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BACKGROUND Extra-intestinal manifestations of inflammatory bowel disease (IBD) include thromboembolic events that can present as deep vein thrombosis, pulmonary embolism, and cerebral venous sinus thrombosis. Cerebral venous sinus thrombosis is a rare complication of IBD that can be associated with high morbidity and mortality. This report is of a case of cerebral venous sinus thrombosis presenting in a young man during a relapse of ulcerative colitis (UC). CASE REPORT A 27-year-old man presented with seizures and focal neurological deficit during a relapse of chronic UC. He was found to have left cerebral venous sinus thrombosis complicated by left frontotemporal infarction that was treated with anticoagulation therapy. CONCLUSIONS Thromboembolic events are well documented extra-intestinal manifestation of IBD. Cerebral venous sinus thrombosis is a rare but serious complication that can be fatal. The correct diagnosis and timely management require a high degree of suspicion in patients with IBD who present with a new-onset headache, focal neurological symptoms, seizure, or altered mental status.
This article was published in the following journal.
Name: The American journal of case reports
Cerebral venous thrombosis (CVT), a rare cerebrovascular condition, is induced by blocked cerebral venous reflux, often presenting non-specific symptoms. Magnetic resonance imaging (MRI) of the brain ...
There are limited epidemiologic data on cerebral venous sinus thrombosis (CVST). We aim to summarize baseline characteristics and outcomes using a large nationally representative administrative databa...
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Cerebral venous sinus thrombosis (CVST) is a relatively uncommon cause of stroke in pediatric and young adult. The clinical course of CVST is also highly variable. In particular, coma has been noted a...
Cerebral venous thrombosis (CVT) is a rare entity with a potentially fatal outcome. Especially patients who do not respond to standard medical therapy alone may benefit from endovascular treatment opt...
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SECRET examines the safety of rivaroxaban versus standard-of-care for treatment of symptomatic cerebral venous thrombosis, initiated within 14 days of diagnosis.
Formation or presence of a blood clot (THROMBUS) in the CRANIAL SINUSES, large endothelium-lined venous channels situated within the SKULL. Intracranial sinuses, also called cranial venous sinuses, include the superior sagittal, cavernous, lateral, petrous sinuses, and many others. Cranial sinus thrombosis can lead to severe HEADACHE; SEIZURE; and other neurological defects.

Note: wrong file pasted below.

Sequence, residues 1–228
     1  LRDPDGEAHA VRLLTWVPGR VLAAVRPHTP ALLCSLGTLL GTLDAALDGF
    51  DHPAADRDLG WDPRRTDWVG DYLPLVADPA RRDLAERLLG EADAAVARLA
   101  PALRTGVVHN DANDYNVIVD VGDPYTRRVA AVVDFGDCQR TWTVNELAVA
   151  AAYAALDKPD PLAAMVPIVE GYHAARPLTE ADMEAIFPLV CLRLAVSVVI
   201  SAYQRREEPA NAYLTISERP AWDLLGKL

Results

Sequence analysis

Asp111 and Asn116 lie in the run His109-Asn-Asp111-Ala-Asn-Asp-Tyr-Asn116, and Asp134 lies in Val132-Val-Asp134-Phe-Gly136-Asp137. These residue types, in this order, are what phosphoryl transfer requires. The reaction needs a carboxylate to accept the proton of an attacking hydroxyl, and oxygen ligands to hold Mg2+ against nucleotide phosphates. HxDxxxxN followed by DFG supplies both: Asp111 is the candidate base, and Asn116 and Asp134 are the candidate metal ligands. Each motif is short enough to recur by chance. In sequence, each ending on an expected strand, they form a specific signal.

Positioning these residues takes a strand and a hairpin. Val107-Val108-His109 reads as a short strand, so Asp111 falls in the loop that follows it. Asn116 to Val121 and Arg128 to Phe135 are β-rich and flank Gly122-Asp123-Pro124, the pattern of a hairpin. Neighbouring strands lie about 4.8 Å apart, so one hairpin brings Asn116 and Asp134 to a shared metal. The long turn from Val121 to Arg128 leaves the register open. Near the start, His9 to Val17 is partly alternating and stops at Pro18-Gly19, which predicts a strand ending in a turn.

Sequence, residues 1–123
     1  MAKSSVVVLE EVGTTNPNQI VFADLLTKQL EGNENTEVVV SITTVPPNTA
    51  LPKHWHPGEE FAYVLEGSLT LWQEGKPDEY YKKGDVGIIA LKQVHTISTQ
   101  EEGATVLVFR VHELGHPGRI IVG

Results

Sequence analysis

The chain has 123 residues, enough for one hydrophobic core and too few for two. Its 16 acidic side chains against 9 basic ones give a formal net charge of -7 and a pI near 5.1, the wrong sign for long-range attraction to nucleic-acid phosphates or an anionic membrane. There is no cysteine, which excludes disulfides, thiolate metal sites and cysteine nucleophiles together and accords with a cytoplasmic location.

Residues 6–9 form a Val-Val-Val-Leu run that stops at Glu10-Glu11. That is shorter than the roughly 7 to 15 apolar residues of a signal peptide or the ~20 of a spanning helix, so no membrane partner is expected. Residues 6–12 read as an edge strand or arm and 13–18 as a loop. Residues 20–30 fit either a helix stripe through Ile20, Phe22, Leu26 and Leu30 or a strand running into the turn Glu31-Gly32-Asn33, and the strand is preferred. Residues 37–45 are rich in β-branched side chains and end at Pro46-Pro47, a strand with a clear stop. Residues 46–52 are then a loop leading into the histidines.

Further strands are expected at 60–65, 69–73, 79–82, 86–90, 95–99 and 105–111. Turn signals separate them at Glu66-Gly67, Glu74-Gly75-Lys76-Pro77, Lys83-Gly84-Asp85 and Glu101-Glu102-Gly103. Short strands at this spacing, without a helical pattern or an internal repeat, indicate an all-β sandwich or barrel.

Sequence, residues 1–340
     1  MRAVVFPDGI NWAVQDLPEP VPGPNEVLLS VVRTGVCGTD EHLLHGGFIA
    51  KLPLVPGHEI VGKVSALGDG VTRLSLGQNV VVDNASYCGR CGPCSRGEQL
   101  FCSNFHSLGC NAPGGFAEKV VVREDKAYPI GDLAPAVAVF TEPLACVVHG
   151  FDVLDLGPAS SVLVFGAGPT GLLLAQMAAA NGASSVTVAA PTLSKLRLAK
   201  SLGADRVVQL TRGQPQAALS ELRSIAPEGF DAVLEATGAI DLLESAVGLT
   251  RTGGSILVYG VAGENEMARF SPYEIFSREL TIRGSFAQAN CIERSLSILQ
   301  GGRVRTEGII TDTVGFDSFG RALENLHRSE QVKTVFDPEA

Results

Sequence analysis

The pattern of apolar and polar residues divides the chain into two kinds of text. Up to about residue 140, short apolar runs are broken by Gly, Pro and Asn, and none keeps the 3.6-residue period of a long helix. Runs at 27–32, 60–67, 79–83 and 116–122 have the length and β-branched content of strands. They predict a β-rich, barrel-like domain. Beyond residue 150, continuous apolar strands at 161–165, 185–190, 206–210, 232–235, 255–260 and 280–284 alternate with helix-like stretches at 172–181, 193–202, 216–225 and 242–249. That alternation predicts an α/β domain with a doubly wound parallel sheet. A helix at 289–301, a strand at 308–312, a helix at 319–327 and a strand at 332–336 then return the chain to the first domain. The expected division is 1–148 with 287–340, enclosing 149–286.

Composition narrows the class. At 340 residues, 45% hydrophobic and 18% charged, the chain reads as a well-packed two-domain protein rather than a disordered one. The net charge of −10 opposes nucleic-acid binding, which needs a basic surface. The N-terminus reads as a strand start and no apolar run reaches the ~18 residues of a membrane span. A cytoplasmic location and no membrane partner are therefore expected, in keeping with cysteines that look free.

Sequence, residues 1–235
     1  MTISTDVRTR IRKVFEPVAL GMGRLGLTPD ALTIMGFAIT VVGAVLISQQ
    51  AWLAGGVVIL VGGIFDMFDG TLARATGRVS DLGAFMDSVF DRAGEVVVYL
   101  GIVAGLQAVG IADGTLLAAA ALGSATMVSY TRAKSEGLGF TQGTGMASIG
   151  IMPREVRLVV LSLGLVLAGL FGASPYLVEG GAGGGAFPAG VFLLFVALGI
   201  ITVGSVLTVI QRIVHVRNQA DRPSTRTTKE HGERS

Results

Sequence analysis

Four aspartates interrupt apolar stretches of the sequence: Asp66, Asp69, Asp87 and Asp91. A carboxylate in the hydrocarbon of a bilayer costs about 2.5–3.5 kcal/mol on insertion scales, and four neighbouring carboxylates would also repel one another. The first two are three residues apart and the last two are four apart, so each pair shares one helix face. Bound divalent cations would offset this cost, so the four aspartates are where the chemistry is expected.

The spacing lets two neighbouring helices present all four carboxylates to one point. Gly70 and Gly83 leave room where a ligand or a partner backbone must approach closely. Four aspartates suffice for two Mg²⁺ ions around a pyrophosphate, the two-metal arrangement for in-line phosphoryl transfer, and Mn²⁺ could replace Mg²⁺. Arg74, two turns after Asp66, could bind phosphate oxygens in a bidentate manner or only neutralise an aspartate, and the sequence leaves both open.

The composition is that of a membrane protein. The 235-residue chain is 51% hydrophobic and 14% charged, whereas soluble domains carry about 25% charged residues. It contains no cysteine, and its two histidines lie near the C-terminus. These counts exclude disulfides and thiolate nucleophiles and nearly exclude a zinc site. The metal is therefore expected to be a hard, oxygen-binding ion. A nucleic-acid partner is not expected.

Formation or presence of a blood clot (THROMBUS) in the SUPERIOR SAGITTAL SINUS or the inferior sagittal sinus. Sagittal sinus thrombosis can result from infections, hematological disorders, CRANIOCEREBRAL TRAUMA; and NEUROSURGICAL PROCEDURES. Clinical features are primarily related to the increased intracranial pressure causing HEADACHE; NAUSEA; and VOMITING. Severe cases can evolve to SEIZURES or COMA.
Rare vascular anomaly involving a communication between the intracranial and extracranial venous circulation via diploe, the central spongy layer of cranial bone. It is often characterized by dilated venous structures on the scalp due to abnormal drainage from the intracranial venous sinuses. Sinus pericranii can be congenital or traumatic in origin.
An intracranial or rarely intraspinal suppurative process invading the space between the inner surface of the DURA MATER and the outer surface of the ARACHNOID. Bacteria and other pathogenic organisms may gain entrance to the subdural space from the FRONTAL SINUS; ETHMOID SINUS; middle ear (EAR, MIDDLE); MASTOID; or as the result of CRANIOCEREBRAL TRAUMA or NEUROSURGICAL PROCEDURES. This condition may be associated with intracranial sinus thrombosis (SINUS THROMBOSIS, INTRACRANIAL). Circumscribed collections of purulent material in the subdural space are referred to as subdural abscesses. (From Adams et al., Principles of Neurology, 6th ed, p709)
Formation or presence of a blood clot (THROMBUS) in the LATERAL SINUSES. This condition is often associated with ear infections (OTITIS MEDIA or MASTOIDITIS) without antibiotic treatment. In developed nations, lateral sinus thrombosis can result from CRANIOCEREBRAL TRAUMA; BRAIN NEOPLASMS; NEUROSURGICAL PROCEDURES; THROMBOPHILIA; and other conditions. Clinical features include HEADACHE; VERTIGO; and increased intracranial pressure.
Astroesophageal Reflux Disease (GERD) Barrett's Esophagus Celiac Disease Cholesterol Crohn's Disease Gastroenterology Hepatitis Hepatology Irritable Bowel Syndrome (IBS) Pancreatitis Peptic Ulcer Disease...